Today we continue in our study entitled, The Construction of a Kingdom. Thus far we have learned from the failures of King Saul and God's election of the David, a young shepherd boy, and gained valuable insights as to the conditions necessary for God to construct His kingdom in our lives.
Now what do I mean when I say that God wants to construct a kingdom in our lives? Romans 14:17 - for the kingdom of God is not eating and drinking, but righteousness and peace and joy in the Holy Spirit. God wants to fashion His rule in each of our lives, which provides His peace, His purpose, and His power for living.
The last time we looked into the life of David, we found a faithful shepherd boy, whom God had anointed to be king. 1 Samuel 16:7 - But the LORD said to Samuel, "Do not look at his appearance or at the height of his stature, because I have refused him. For the Lord does not see as man sees; for man looks at the outward appearance, but the LORD looks at the heart. David became God's choice for the kingdom because he possessed the kind of character - spirituality, integrity, humility, personal security, and an understanding of authority - that God was looking for. God saw David's heart and said, That's what I'm looking for. That's somebody I can use. What does God see in your life? What does He see in me?
A bar of raw steel is worth roughly $5. If the steel is heated and hammered on the anvil by a blacksmith and made into horseshoes it will be worth $10 at the sporting goods department of Wal Mart. A lengthier process of cutting, refining, and molding that bar of steel can manufacture sewing needles and the value becomes $350. Use the most detailed process of refining, paring, shaving, heating, and microscopic manipulation on that bar of steel and a master watchmaker can fashion the delicate main springs for Rolex watches and it will yield $250,000.
In the creative hands of God, we're like that $5 bar of steel. He wants to construct His glorious kingdom in us, but be assured that the most tedious process of refining and life manipulation must take place. Personal battles and difficult circumstances become crucibles where God turns up the heat to refine us for His purpose.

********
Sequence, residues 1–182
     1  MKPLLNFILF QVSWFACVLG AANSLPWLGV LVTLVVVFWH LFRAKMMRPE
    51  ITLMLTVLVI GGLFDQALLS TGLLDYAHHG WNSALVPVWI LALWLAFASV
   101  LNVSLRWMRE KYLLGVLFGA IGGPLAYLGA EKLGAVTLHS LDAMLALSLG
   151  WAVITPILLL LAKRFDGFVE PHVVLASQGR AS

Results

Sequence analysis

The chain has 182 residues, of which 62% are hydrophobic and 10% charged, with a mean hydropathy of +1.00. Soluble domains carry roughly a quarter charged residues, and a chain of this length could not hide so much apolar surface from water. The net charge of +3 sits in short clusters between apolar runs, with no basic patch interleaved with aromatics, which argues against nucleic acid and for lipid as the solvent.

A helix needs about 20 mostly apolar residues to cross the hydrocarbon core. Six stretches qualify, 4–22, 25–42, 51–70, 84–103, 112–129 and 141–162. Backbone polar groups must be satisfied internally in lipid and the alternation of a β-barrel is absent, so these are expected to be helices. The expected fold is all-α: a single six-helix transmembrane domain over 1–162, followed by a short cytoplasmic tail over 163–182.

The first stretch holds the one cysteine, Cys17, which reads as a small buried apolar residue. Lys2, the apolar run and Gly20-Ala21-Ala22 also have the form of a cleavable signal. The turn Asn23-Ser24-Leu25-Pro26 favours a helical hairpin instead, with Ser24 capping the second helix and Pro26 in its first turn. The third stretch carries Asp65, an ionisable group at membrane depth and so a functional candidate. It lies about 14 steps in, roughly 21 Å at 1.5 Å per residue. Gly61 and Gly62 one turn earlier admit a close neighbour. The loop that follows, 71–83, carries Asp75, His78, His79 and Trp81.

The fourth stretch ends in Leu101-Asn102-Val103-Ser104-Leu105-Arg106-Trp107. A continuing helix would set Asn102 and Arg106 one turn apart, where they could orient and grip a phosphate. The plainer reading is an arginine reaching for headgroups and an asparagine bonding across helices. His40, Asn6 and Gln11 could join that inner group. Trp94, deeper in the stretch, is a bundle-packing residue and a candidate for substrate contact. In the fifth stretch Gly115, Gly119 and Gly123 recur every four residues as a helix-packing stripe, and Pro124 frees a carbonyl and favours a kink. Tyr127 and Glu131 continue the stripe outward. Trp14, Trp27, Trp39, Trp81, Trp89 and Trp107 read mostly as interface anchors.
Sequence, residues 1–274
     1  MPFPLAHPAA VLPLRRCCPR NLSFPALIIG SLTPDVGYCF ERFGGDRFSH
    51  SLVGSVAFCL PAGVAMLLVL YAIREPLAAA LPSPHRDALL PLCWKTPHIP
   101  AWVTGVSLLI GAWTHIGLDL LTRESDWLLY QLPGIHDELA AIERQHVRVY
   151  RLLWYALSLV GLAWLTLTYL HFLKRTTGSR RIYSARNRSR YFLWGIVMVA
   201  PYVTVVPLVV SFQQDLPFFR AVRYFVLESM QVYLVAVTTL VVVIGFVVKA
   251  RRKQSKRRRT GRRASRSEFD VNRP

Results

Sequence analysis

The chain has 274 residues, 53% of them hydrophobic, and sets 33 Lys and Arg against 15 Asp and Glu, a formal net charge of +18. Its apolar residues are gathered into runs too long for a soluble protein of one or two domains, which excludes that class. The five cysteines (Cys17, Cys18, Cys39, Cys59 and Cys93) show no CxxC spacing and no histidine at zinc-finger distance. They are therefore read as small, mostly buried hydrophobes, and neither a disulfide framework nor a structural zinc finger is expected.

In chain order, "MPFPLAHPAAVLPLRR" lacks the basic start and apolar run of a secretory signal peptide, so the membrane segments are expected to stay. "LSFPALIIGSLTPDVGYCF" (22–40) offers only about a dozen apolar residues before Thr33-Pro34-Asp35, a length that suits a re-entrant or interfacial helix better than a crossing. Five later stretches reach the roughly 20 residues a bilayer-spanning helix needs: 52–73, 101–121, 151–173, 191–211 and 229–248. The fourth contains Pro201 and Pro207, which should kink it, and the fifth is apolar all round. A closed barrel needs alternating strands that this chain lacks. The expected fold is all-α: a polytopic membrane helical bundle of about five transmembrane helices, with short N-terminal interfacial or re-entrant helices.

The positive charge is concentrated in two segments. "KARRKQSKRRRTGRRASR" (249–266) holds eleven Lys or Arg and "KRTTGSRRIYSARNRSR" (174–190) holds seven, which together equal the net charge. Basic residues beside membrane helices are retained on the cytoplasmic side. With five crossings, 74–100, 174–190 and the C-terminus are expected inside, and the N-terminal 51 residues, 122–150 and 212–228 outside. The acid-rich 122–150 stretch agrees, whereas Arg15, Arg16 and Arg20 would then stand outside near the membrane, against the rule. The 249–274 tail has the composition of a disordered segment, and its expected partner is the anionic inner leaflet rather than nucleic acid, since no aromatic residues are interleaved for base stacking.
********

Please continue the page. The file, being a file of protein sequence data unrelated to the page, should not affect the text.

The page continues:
The next two messages in this series will deal with the pressures, strains, and ordeals which David, the shepherd boy had to endure on his way to becoming a king. What we'll find is the overcoming faith of a man after God's heart, unbowed to the threats of circumstances and challenges to God's glorious purposes in his life.
Theme: In order to institute His kingdom in our lives, God will allow us to encounter personal battles. He will lead us to face Goliath.
1 Facing giants can be an intimidating experience. (I Samuel 17:1-19)
Our text takes us to the crux of an impending conflict between the Philistines and the army of Israel, located in the Valley of Elah, a vast canyon nearly one mile wide. On opposite sides of the valley was sloped terrain and situated on the facing slopes were the armies of Israel and the Philistines.
The imposing Goliath appears in verse 4, announced as the champion of the Philistines. This military champion steps out ready for battle. He stands well over 9 feet tall and he wields the fiercest of weaponry; a bronze javelin with a spear head weighing almost 25 lbs. He makes Shaquille O'Neal look like he belongs in munchkin land. He donned a bronze helmet and a heavy coat of mail with bronze leggings. Beyond that, his shield carrier went out before him into battle, for added protection.
Goliath offers a challenge to the Israeli soldiers in verses 8. Standing down in the valley, he demands for someone to face him in battle. In fact, verse 16 informs us that this continued on for 40 days. Day after day, Goliath breathed his threats and challenges, while flaunting his size and impervious strength.
By the very sight of Goliath, the armies of Israel were dismayed and greatly afraid. The Hebrew wording reveals that the spirit of the mighty Israeli army was beaten down to defeat. They were paralyzed with fear.
Personal valleys become the sites of personal conflicts. They are the giants of the soul. Goliath comes in many forms and shapes, albeit all very large. Your giant may be an overwhelming set of circumstances; a terminal medical condition, a personality in the workplace, or a situation with your employment. For some it is the goliath of habitual sin that meets you in the valley of weakness to continually intimidate you and rob you of personal joy, hope, and freedom.